Passing the tests - in literacy, numeracy and information and communication technologies (ICT) - is a requirement of becoming a teacher.
Figures released by the Government's Teacher Training Agency show that more than 1,500 teachers who finished their postgraduate certificate of education (PGCE) course last year had to sit the numeracy course at least three times. A total of 856 had to take the literacy test three times, and 679 the ICT.
These figures include some teachers who had to take one or other of the tests 10 times. One teacher sat the numeracy test 15 times before passing.
The skills tests were introduced by David Blunkett when he was Education Secretary because of concerns that completing a teacher training course did not guarantee that every new recruit had the basic groundwork in literacy, numeracy and ICT skills. Originally, trainee teachers could only take the tests four or five times before they were barred from entering the profession. But ministers relented on this because of concern over drop-out rates.
The introduction of the tests coincided with a period of acute teacher shortages - particularly in secondary schools and trainees are now allowed to take the tests as often as they like - although they may be paid as an unqualified teacher until they pass.
The figures show that 87 per cent of the 31,206 who completed their PGCE course in 2004 passed the numeracy test on the first time - and 9 per cent on their second.
In literacy, the figures were 88 per cent and 9 per cent respectively. ICT was also passed by 88 per cent the first time and 10 per cent on the first retake.
Senior teacher training staff say that - while the questions are not that difficult - many of the trainees falter because they have to take them in exam conditions at an unfamiliar centre on a computer they have not used before.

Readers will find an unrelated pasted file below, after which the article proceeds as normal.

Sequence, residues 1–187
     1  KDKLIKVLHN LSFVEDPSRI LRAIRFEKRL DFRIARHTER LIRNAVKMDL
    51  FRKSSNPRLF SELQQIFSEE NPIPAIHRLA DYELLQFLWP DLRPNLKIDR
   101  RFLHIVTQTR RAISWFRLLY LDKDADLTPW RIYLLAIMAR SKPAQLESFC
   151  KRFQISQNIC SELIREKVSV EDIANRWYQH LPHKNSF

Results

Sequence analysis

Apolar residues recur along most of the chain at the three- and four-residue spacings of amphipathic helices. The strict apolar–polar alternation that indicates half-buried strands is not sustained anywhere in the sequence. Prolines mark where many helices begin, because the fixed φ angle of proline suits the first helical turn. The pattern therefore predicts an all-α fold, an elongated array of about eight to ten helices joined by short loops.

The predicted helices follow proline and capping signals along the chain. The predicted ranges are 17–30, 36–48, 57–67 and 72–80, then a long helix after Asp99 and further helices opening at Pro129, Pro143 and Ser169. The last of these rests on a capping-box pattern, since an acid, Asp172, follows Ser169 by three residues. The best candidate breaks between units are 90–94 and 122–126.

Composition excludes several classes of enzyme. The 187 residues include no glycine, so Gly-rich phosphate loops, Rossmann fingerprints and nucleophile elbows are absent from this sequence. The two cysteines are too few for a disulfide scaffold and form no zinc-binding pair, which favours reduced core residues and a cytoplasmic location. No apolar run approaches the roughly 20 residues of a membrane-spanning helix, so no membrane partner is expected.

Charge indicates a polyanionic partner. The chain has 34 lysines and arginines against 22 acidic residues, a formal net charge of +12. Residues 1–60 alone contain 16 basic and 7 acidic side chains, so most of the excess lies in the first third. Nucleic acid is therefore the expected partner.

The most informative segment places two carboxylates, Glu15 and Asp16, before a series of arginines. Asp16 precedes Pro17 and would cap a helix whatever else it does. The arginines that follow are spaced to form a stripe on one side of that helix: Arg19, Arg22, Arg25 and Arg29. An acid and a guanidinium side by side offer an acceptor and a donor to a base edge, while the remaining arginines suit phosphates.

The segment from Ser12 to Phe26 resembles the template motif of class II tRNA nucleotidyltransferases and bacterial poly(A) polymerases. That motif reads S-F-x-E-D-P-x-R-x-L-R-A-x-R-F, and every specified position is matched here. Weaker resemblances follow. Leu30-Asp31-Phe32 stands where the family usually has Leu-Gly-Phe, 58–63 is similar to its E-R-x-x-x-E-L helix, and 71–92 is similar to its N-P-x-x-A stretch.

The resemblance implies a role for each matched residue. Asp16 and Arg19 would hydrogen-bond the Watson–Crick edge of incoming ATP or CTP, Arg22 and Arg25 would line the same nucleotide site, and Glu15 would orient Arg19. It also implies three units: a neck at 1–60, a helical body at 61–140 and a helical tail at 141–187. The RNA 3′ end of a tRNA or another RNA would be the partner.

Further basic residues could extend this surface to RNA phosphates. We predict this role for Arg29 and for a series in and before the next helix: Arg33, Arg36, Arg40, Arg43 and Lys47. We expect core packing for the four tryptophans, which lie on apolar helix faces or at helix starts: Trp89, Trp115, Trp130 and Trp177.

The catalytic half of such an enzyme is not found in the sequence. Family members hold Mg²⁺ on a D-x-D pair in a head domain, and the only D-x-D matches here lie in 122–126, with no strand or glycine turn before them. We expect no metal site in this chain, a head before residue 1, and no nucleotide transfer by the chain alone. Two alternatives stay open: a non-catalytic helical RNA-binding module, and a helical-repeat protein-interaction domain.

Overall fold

The figures have sparked a new row between ministers and teachers' leaders who claim the tests are a waste of time and money.
A spokeswoman for the National Union of Teachers said: "These tests are unnecessary because young people have to have a good grade GCSE pass in maths and English before they can enter teacher training.
"The whole question of these extra tests is irrelevant if, for instance, they are going on to teach art or religious education.
"Arrangements for taking the tests are being reconsidered but we would suggest they should be stopped.
"We had one person who was at college in Brighton who had to keep coming in to the centre in Croydon to take the test - only to find the time had often been shifted, sometimes to the day before and she had not been notified."
Ministers insist the tests are necessary because trainees may not have studied the basics since GCSE - and need to refresh their skills. They have suggested that schools could pay staff the rate of a fully-qualified teacher pending passing the tests - but that the decision was up to individual heads.
1 It will not be ... to sit half-term tests this year
2 The new ... will be ready next term
3 Two-fifths of a class of 25 pupils were girls. What percentage were boys?
4 It is possible to seat 40 people in a row across the hall. How many rows are needed to seat 432 people?
Answers: 1.necessary. 2. accommodation. 3. Sixty per cent. 4. Eleven
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